Harry Potter and the Sisters of Mercy, or Goth Like Me
Like millions of others in their 20s and 30s with no reservations (or shame) about reading a series of books intended for people half their age, I’m currently devouring Harry Potter and the Deathly Hallows . And yes, the first thing I did after buying the book was skip straight to the epilogue; without giving anything away, J.K. Rowling wraps it up about like I expected. Knowing how it all shakes out – or at least who’s still around at the end – hasn’t diminished my enjoyment one bit. And for the final time, Rowling’s wizarding world is strikingly similar to another group of people near and dear to my heart, people who are almost as misunderstood, persecuted, and ostracized as Harry and his friends.
That’s right, I’m talking about Goths. I don’t claim to be one, but God, I love Goths.
The recent onset of emo paranoia – lurid media-spun yarns like this one of a generation who “celebrate sadness and pain” through morose music, self-mutilation, and suicide – has taken a little of the heat off, but overall Goths still can’t catch a break. The latest bit of Goth-related madness comes to us from Medicine Hat, Alberta, where earlier this month a 13-year-old girl was found guilty on three counts of first-degree murder in the stabbing deaths of her parents and younger brother. She thus became the youngest person in Canadian history to be convicted of multiple homicides.
Her sentencing is scheduled for later this month. During her trial, witnesses told the court she and her boyfriend were involved in Goth culture, including posting messages and pictures on the Internet’s Goth central, Vampirefreaks.com. This, naturally, sent red flags up all over the place. This boyfriend, also charged with three counts of first-degree murder though yet to be tried, sounds like a real piece of work. Not only is he a full decade older than the girl, a week or so before the murders, he allegedly told his friends he was a “300-year-old werewolf who enjoys the taste of blood.”
To be fair, what werewolf doesn’t? But let’s get back to Harry Potter, shall we?
Goths themselves are of different minds over whether to claim Harry as one of their own. “My love of Harry Potter has nothing to do with me being gothic,” writes Helen Damnation, moderator of the Deathly Hallows message board at www.gothicbeauty.com. “If anything, the character of Harry himself is a geek – I’m a Neville woman and proud of it!” [Neville Longbottom is Harry’s botanically gifted pal.] However, both the new Potter book and movie have been enthusiastically received on Vampirefreaks.com, and here’s an entirely convincing Goth makeover of Harry, Ron and Hermione, who makes an especially hot Goth.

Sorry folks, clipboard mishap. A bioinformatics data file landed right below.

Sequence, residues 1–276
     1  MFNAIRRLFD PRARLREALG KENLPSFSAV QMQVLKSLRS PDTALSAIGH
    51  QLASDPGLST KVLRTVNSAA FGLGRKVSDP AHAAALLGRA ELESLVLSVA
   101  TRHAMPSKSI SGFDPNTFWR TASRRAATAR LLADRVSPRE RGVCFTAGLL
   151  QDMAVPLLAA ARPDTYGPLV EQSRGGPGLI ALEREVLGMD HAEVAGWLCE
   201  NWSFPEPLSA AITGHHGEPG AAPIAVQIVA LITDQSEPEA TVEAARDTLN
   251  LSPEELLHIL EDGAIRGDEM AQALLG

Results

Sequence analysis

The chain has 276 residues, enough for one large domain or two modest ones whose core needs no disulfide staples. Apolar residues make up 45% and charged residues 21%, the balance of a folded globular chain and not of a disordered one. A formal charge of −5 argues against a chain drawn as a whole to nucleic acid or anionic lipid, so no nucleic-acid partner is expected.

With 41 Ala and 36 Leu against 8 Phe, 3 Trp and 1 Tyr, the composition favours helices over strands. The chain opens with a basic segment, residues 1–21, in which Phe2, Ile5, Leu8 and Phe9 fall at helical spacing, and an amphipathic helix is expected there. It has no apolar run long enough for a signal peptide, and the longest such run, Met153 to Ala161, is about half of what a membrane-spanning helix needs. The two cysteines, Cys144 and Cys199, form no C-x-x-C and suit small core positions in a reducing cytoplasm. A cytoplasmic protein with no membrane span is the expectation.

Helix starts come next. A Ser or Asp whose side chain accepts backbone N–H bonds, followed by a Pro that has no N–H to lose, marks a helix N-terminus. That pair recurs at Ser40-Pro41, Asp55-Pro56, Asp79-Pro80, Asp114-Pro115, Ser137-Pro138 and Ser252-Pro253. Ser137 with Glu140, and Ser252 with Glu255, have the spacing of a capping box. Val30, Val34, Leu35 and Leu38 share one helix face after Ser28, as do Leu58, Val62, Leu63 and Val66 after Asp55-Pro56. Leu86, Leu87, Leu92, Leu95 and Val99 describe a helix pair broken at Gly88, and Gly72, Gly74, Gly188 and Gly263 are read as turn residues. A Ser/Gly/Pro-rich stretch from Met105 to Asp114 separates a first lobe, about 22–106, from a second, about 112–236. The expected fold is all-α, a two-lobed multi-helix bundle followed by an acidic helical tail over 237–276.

Think about it for a second. Notwithstanding Deathly Hallows’ title itself, Harry and his friends spend most of Hallows on the run from “Death Eaters,” followers of the “Dark Lord” Voldemort, whose name roughly translates from French as “flight of Death” or “thief of death.” (Click here for a full Potter glossary and etymology.) A super-wand sometimes called the “Deathstick” figures heavily in the plot. Seriously, how much more Goth can you get? Well, since you asked…
Several of the book’s key scenes are set in prime Goth locations: graveyards, dungeons, spooky forests. And even when not dodging Death Eaters, Harry grows evermore obsessed with the dead (his parents and former mentor/headmaster Albus Dumbledore, who was killed off in the last book) and feels increasingly isolated from best friends Ron and Hermione. And any Anne Rice reader will testify that Goths possess romantic streaks second to none; Harry spends what little free time he has in the book pining for Ron’s sister Ginny. In other words, he’s basically a Cure song waiting to happen.
Both Goths and wizard-folk are often stigmatized and ridiculed (or worse) by society at large. Thus, both rarely socialize or otherwise interact with outsiders unless absolutely necessary, and even then with a great deal of mutual distaste. Furthermore, bitter debates have erupted within both communities over how “pure” one must be to merit the full rights and privileges of membership. Both have a penchant for peculiar garb, especially robes, and body art. He certainly didn’t ask for it, but Harry has had a lightning bolt scar/tattoo on his forehead since infancy. Voldemort’s followers are likewise branded with the “Dark Mark” on their arms, and both Harry’s scar and the Dark Marks burn when the Dark Lord is feeling particularly peeved.
These days, when Hot Topic is traded on NASDAQ and AFI plays Al Gore’s Live Earth concert alongside Kelly Clarkson and Bon Jovi, it’s hard to tell who’s Goth and who’s not, even at redoubtable batcaves like Austin’s Elysium or the HaVoK nights at Numbers in Houston. Looking at me, you’d never guess I harbor such tendencies. I don’t have any tattoos or piercings. My hair is in a Mohawk right now, but it’s the same darkish-blond shade it’s always been. I own a respectable amount of black clothing, but my wardrobe is hardly monochromatic. But if there’s a bigger Cure, Bauhaus, Love & Rockets, Siouxie & the Banshees and Sisters of Mercy fan in Houston, I sure as hell would like to meet them.
This, I think, is what makes Rowling’s books so appealing, to Goths and everyone else. Being Goth, or a wizard, isn’t about what you look like or how you dress. It’s about finding like-minded people who won’t harass or ridicule or look down on you for your taste in music or spells or friends. The same way Harry Potter’s battles with Voldemort and his minions are ultimately a simple metaphor for any teenager’s struggle to grow up and find his place in the world, somewhere deep down – not so deep for some – there’s a little Goth in all of us. – Chris Gray
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